Sri Lanka currency adjustments terrible: Nishan de Mel


Dec 10, 2015 (LBO) – Sri Lanka’s currency adjustments which are poorly timed affect business planning and confidence of international community while having other effects, a senior researcher said.

Nishan de Mel, head of research at Verite said that in Sri Lanka, the strength of rupee is incorrectly tied up with economic virility.

“We know that politically in Sri Lankan society the way in which the economic ideas have been percolated says that the value of your currency is a sign of your virility,” he said.

“Economic virility and the strength of currency are somehow brought together mistakenly,” De Mel said.

He was speaking at the LBR LBO Debrief conference held in Colombo on Tuesday.

De Mel said the currency stayed flat for over 8 months before it suddenly increased in September after the general elections, a sign of a failure to gradually adjust the currency.

“Before the election it was not possible to allow the currency to adjust. But you pent up all that suppressed pressure and let it go suddenly,” he said.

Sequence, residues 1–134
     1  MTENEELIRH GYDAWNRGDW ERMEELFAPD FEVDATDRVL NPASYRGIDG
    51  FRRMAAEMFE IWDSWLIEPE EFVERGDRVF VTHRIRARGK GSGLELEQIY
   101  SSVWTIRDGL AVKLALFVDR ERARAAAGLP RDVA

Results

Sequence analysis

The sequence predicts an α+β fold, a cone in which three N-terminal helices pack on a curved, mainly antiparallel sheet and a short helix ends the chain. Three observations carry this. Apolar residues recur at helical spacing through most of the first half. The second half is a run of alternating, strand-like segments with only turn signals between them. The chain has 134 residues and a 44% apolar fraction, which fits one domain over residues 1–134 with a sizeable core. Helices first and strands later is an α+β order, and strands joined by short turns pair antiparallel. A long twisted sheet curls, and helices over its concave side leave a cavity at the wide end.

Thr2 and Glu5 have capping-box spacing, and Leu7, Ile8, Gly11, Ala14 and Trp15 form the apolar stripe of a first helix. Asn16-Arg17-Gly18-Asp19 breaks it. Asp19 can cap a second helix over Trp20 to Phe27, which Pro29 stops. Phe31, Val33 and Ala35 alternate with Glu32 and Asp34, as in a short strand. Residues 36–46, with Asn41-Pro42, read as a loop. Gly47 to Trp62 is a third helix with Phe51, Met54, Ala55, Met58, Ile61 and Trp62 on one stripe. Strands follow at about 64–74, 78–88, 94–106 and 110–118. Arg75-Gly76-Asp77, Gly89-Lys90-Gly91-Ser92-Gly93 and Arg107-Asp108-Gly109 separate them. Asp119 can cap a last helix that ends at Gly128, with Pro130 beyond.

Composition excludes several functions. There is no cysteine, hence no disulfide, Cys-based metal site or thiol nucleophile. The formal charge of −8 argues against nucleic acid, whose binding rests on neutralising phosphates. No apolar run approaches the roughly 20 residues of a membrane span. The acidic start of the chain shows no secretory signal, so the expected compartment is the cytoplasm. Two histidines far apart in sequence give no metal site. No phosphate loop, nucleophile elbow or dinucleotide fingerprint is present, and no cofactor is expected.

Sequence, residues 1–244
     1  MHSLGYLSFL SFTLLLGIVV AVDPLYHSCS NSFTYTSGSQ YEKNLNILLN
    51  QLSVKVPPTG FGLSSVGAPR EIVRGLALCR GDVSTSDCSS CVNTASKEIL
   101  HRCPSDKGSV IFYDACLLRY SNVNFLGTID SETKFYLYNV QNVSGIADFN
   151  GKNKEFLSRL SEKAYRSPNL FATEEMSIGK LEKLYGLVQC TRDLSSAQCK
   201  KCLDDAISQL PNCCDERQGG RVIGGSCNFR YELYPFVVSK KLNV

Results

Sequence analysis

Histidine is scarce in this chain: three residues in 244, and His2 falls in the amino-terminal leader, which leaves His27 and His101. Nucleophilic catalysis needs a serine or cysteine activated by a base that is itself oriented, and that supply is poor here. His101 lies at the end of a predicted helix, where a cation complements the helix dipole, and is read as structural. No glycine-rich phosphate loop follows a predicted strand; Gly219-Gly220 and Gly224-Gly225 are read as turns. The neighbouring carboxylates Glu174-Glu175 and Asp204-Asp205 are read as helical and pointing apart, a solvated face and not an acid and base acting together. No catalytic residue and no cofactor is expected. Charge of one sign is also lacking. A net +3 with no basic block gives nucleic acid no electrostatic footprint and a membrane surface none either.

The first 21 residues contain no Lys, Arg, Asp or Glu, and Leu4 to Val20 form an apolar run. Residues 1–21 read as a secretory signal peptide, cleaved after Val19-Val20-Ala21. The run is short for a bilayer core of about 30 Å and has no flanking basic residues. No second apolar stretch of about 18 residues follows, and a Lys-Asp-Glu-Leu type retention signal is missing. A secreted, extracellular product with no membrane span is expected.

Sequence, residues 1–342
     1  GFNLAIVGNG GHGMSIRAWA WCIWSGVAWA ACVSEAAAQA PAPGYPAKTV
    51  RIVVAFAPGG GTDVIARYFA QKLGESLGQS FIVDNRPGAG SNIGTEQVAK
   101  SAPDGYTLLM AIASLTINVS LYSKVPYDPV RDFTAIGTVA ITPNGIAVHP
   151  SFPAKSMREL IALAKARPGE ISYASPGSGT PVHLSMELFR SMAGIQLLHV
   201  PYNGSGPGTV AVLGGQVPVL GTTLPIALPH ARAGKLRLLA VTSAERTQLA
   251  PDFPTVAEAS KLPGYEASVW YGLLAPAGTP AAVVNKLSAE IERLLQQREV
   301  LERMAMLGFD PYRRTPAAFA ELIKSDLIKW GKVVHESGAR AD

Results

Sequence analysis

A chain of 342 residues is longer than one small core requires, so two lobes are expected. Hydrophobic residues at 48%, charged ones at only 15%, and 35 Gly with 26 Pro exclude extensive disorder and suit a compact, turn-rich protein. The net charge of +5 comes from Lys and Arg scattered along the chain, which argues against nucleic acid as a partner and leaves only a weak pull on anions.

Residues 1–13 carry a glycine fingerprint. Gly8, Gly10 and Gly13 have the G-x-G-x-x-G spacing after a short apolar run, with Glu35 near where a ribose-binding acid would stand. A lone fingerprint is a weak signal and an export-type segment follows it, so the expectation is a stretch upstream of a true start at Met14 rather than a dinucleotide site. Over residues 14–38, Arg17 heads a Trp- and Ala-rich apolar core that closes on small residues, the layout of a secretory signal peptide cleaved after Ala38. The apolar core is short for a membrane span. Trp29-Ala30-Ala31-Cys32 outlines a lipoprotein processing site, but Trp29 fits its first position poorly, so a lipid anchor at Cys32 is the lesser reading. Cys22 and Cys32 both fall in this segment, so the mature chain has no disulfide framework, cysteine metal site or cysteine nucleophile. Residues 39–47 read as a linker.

“It is of course terrible in terms of business planning and confidence of international community when your currency adjustments are not smooth.”


De Mel however said the currency adjustment problem is not only a political issue but also an issue of poor volatility management by Central Bank.

“There is no problem in the currency adjusting if you manage it in a way that the adjustment of a currency off sets the interest rate that Sri Lanka has over the US dollar,” De Mel said.

“The problem is when you are depreciating the currency at 1 percent a month then everybody is trying to clear out when these volatile depreciations are going to take place.”

He said the role of Central Bank’s professional management of a currency is really to manage a much smoother path of currency depreciation that doesn’t create incentives of capital flight.

“But from the 1990s onwards, the Central Bank has been really quite poor at that. Many people thought just because the currency has been a strong or stable against the US dollar; that’s great,”

“But it’s not great because it just means that it is going to jump up one day and everybody is going to have speculative issues around when that’s going to happen.” De Mel further said.